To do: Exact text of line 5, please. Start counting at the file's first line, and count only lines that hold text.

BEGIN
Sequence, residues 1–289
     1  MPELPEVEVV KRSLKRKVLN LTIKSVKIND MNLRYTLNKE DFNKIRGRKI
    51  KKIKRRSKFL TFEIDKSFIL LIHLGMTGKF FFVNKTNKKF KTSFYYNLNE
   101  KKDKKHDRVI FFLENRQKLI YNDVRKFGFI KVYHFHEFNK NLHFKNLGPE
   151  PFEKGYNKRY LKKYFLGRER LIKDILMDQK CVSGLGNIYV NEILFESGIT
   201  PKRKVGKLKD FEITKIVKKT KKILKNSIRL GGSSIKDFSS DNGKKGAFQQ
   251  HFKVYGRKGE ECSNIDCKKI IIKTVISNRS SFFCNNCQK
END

   151  PFEKGYNKRY LKKYFLGRER LIKDILMDQK CVSGLGNIYV NEILFESGIT